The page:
Held in the Palais de Glace or Ice Palace in Antwerp, it was the first time that ice hockey was an Olympic sport. The first stone of the new Olympic Stadium at Beerschot was laid on 4 July 1919 by Jan De Vos, mayor of Antwerp, and inaugurated less than a year on 23 May 1920 with a gymnastics demonstration. The nautical stadium or Stade Nautique dAntwerp was built at the end of the Jan Van Rijswijcklaan, other events, like shooting and equestrian sports, were held at pre-existing locations in and around Antwerp and as far away as Ostend. These Olympics were the first in which the Olympic Oath was voiced, the first in which doves were released to symbolize peace, the USA won 41 gold,27 silver, and 27 bronze medals, the most won by any of the 29 nations attending. Sweden, Great Britain and Belgium rounded out the five most successful medal-winning nations, the Games featured a week of winter sports, with figure skating appearing for the first time since the 1908 Olympics, and ice hockey making its Olympic debut
1937 Workers' Summer Olympiad
The 1937 Workers Summer Olympiad was the sixth edition of International Workers Olympiads. The games were held from 25 July to 1 August at Antwerp in Belgium and they were originally planned for Barcelona 1936, but cancelled due the outbreak of the Spanish Civil War. 1937 Olympiad was a joint event with the Red Sport International organized Spartakiads and it was the first time as a delegation from Soviet Union took part at the Workers Olympiad. German athletes no longer participated since the Workers Gymnastics and Sports Federation of Germany had been banned by the Nazi regime in 1933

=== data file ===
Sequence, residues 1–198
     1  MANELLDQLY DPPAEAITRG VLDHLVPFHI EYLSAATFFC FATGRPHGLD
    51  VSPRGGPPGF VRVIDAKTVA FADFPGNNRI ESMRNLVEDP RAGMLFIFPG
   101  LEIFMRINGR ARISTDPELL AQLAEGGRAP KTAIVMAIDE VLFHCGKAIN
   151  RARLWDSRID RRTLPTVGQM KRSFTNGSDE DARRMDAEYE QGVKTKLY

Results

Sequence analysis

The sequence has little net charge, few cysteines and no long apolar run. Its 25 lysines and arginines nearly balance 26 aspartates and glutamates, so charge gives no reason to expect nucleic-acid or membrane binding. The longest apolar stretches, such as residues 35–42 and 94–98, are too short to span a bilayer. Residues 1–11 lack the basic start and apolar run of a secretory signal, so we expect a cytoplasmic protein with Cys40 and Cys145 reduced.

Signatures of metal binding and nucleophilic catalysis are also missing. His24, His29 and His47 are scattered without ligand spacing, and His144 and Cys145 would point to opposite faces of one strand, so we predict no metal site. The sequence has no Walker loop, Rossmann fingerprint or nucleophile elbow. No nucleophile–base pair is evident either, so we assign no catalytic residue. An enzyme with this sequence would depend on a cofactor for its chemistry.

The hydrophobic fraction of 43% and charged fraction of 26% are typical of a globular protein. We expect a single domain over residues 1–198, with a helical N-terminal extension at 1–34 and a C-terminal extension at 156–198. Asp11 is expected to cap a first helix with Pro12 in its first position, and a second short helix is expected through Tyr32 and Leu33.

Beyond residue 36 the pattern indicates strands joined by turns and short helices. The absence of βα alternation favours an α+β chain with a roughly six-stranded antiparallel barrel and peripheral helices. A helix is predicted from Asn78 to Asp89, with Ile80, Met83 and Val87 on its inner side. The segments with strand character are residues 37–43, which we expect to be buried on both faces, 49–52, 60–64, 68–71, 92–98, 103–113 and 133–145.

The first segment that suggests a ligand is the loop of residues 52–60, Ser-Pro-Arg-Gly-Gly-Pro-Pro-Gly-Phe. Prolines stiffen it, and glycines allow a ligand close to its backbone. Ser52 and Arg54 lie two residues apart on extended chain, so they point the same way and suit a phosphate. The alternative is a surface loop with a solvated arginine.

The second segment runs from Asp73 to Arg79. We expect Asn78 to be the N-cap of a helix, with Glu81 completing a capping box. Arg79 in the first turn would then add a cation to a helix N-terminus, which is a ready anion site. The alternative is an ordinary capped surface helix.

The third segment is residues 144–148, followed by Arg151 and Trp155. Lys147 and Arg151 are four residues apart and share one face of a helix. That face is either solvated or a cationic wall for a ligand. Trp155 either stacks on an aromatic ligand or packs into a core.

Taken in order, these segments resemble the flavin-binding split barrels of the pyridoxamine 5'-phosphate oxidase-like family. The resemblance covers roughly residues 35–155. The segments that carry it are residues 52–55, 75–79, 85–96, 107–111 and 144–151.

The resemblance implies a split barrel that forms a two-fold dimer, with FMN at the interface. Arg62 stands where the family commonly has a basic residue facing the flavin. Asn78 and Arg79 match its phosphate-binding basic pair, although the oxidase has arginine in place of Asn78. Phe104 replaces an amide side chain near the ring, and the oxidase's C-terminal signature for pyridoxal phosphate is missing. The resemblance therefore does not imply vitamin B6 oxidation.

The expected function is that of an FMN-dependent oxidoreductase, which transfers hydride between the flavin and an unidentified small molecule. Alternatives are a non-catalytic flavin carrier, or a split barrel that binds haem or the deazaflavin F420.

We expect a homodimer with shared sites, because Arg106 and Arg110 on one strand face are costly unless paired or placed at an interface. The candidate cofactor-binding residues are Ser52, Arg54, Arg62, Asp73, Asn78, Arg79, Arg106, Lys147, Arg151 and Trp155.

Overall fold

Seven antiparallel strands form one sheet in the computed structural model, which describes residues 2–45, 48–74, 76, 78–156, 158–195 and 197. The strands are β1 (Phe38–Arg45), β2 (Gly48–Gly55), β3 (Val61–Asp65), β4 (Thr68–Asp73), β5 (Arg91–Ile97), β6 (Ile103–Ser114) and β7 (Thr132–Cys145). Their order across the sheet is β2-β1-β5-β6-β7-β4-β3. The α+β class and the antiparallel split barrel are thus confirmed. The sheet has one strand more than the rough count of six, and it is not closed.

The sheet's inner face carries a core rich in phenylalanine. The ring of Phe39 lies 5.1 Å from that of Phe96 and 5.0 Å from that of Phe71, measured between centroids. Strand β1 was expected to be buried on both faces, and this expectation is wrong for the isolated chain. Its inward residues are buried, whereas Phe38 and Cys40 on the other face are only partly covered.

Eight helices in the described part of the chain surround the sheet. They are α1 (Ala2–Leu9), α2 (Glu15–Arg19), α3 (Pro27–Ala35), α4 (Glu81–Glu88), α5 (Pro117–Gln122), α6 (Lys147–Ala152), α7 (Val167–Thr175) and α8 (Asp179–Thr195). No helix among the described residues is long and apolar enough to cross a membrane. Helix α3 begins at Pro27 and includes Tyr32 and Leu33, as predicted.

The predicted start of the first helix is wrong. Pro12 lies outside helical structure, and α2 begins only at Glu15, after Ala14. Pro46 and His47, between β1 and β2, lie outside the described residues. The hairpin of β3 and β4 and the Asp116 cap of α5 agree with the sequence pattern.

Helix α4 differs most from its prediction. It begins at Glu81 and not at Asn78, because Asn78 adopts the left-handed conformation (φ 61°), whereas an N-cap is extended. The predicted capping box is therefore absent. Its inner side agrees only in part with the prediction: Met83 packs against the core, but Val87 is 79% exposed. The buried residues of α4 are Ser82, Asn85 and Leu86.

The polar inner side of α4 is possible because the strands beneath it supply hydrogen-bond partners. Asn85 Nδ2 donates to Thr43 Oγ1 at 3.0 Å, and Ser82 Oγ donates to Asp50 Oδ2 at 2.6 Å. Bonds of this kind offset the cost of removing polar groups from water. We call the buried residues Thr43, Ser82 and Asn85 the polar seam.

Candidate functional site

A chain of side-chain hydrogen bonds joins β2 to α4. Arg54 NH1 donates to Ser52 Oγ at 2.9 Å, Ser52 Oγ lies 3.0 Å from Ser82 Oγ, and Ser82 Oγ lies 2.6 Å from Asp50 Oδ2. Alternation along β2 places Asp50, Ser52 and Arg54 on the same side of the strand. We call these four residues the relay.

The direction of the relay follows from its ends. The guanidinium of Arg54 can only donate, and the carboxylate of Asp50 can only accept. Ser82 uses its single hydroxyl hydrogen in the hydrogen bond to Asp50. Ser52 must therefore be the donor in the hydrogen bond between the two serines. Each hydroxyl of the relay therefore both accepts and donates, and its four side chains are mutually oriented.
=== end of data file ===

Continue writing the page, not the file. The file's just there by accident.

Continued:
2015 Women's European Volleyball Championship
The 2015 Womens European Volleyball Championship was the 29th edition of the tournament and hosted by Netherlands and Belgium from 26 September to 4 October 2015. The championship managers were the Dutch Olympic gold volleyball medalist Peter Blange, russia defeated Netherlands 3–0 in the final to capture their 19th title, while Tatiana Kosheleva was elected most valuable player back to back. First, the hosts and the team which was chosen by the hosts were seeded at the top of each pool, the next 4 teams which ranked highest in the previous edition were drawn. Finally, the teams were drawn. Numbers in brackets denote the European ranking as of 25 September 2015, all times are Central European Summer Time
The Diamond Games was a professional womens tennis tournament organised in Antwerp, Belgium. The tournament took place in the Sportpaleis, at the beginning of February, this year, however, WTA announced that in 2016, The Diamond Games would be replaced on the WTA Calendar with a new tournament in St. Petersburg, Russia. The Diamond Games offers a trophy to any player who wins the three times in five years. In 2007 Amélie Mauresmo won a golden racquet decorated with diamonds, a new trophy was unveiled in 2008, which featured a golden racquet and a ball, and was decorated with 2008 diamonds